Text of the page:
What is your take on the relationship between architecture and its image?

We could demonstrate by drawing a parallel to any linguistic system where a word is given a referent, an image that gains its meaning through syntax. On its own, the image is a thing. It is neither good or bad, hers or his; it is not significant until it is inserted into a comparative system of language. If we substitute the word ‘architecture’ for this language, the relation would be the same. This image that may be the image of a building, that may be neutral or attractive, our judgement of it will be made on subjective grounds or at best based on bland aesthetic conventions of beauty. But it will not have a value until it is set up within the contrasting taxonomy of architectural vocabulary. It is not significant. That said an image in facilitating an oscillation between a proposition and its situational prospects, the grafting of extraneous material into a given ground, by definition a collage, a construct, is a powerful device in gauging the project, fundamentally the same as the insertion of a body into the systems present in a context.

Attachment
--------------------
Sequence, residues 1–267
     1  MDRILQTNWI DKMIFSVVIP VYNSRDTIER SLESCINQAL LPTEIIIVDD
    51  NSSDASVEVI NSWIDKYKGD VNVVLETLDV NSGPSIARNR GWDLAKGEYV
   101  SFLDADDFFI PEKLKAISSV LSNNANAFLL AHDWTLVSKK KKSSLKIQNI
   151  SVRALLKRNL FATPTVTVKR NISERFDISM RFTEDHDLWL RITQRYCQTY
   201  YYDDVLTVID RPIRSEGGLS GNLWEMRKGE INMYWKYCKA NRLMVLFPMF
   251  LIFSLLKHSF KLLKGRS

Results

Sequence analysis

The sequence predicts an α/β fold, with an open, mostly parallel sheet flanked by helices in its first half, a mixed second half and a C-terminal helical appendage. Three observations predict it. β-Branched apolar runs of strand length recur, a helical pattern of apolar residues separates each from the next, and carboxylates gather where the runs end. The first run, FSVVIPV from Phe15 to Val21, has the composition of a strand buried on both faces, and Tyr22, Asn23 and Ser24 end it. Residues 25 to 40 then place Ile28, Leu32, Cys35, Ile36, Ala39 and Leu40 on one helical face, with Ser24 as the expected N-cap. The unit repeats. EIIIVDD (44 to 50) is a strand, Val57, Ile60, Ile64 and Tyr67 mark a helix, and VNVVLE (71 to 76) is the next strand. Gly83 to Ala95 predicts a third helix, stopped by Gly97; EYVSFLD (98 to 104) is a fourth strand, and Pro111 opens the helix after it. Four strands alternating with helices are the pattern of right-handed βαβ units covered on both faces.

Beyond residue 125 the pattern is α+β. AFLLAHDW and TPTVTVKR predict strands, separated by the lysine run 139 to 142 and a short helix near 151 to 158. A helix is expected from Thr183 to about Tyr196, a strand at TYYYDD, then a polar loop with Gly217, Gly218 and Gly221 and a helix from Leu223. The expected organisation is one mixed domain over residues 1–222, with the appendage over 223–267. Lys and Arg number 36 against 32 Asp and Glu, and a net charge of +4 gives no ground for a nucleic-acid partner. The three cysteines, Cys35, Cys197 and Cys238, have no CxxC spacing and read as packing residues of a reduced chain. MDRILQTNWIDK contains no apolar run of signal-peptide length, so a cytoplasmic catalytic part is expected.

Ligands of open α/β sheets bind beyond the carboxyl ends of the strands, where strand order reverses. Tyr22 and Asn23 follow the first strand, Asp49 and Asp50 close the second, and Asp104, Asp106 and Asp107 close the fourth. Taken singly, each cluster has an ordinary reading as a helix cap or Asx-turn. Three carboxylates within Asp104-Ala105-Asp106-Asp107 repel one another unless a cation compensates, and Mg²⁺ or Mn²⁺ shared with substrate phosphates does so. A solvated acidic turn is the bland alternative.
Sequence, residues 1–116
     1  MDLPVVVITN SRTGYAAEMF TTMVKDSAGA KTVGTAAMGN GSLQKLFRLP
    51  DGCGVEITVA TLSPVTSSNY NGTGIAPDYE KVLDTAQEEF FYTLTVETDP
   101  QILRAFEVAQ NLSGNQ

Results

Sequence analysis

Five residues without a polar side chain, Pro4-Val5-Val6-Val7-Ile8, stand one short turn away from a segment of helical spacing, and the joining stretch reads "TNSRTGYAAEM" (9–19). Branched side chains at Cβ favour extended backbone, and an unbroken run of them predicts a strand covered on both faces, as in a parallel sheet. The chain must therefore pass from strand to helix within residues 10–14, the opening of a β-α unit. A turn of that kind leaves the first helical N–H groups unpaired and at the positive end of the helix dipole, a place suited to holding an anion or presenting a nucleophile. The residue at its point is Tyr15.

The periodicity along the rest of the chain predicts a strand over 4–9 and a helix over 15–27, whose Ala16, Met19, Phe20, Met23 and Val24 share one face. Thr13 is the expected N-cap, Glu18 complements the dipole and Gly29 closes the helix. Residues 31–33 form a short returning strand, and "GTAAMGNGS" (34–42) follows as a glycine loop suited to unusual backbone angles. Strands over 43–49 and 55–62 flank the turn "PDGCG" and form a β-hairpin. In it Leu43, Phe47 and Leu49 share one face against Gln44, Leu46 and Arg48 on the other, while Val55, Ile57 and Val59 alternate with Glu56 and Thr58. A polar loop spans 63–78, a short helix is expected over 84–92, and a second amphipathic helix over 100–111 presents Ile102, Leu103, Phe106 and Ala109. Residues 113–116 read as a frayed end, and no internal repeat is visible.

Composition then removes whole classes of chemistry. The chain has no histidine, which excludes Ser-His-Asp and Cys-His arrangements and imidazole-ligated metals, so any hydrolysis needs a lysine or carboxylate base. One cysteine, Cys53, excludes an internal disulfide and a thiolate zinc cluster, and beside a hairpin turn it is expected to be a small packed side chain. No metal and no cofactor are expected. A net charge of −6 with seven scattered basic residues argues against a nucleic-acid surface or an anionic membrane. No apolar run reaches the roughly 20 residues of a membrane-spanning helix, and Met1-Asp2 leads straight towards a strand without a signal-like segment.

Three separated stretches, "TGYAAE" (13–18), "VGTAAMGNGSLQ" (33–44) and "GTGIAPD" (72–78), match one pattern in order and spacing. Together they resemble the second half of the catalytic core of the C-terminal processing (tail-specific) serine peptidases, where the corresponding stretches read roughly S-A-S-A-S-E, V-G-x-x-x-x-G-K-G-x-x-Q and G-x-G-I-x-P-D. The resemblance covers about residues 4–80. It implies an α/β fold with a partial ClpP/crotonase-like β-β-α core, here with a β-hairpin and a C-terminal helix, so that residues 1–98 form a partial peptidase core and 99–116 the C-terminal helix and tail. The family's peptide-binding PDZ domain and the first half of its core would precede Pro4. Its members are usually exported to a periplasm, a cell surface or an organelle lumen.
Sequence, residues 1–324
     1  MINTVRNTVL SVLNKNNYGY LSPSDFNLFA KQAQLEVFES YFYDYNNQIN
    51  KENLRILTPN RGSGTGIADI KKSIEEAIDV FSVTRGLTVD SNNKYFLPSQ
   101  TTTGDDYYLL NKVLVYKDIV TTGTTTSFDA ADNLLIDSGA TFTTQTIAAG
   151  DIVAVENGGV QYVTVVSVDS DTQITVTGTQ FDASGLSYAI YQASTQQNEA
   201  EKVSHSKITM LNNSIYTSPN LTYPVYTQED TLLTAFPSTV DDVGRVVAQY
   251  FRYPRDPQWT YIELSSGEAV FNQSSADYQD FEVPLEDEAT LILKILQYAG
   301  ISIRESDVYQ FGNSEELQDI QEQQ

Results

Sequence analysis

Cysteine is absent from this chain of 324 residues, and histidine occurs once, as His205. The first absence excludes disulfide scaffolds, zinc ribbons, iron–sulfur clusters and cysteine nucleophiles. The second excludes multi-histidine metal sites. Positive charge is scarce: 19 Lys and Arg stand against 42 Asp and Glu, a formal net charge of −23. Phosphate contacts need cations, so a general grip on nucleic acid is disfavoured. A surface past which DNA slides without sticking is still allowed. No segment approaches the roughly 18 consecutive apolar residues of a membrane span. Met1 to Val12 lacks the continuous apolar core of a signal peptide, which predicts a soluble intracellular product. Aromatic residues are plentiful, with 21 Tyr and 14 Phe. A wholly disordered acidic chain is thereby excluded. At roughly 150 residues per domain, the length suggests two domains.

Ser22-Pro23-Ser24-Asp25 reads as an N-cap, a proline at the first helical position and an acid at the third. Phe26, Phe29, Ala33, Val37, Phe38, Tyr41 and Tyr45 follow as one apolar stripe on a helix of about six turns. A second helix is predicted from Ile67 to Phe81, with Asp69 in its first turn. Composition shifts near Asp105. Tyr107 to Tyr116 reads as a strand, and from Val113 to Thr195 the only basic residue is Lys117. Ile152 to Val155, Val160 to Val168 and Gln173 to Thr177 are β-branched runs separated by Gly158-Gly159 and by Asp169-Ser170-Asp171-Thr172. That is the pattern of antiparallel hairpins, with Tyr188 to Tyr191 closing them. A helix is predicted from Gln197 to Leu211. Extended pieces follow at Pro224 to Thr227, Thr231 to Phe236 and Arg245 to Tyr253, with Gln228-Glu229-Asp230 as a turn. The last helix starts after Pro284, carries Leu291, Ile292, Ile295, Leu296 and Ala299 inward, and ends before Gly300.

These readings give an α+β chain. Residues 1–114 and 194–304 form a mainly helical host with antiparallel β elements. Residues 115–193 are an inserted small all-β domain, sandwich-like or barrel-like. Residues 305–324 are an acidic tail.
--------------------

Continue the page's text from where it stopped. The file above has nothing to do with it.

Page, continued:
What is the power of the architectural drawing/image?

Insofar as drawings are in and of themselves constructions- it matters little if that is paper or earth- they embody an idea, a vision. Something is deposited on a ground, a stain, graphite, a trace like a tractor wheel- an index is produced, it becomes a thing of memory. Let’s remember that buildings (without confusing the term with architecture) are made in the likeness of our drawings and not the other way around, so their power resides in the way something as immaterial as thought takes shape, like a fragment of writing, a string of letters that when placed in such and such a way can produce a distinct sound, it may be harsh, abrupt, or transient, evocative of something else. But also drawing and its consequent image belong to a phase of the architectural process that you could still call essential because it is a more a less solitary act before turning into documents and sent out, at which point it enters the structure of production and continuously revised.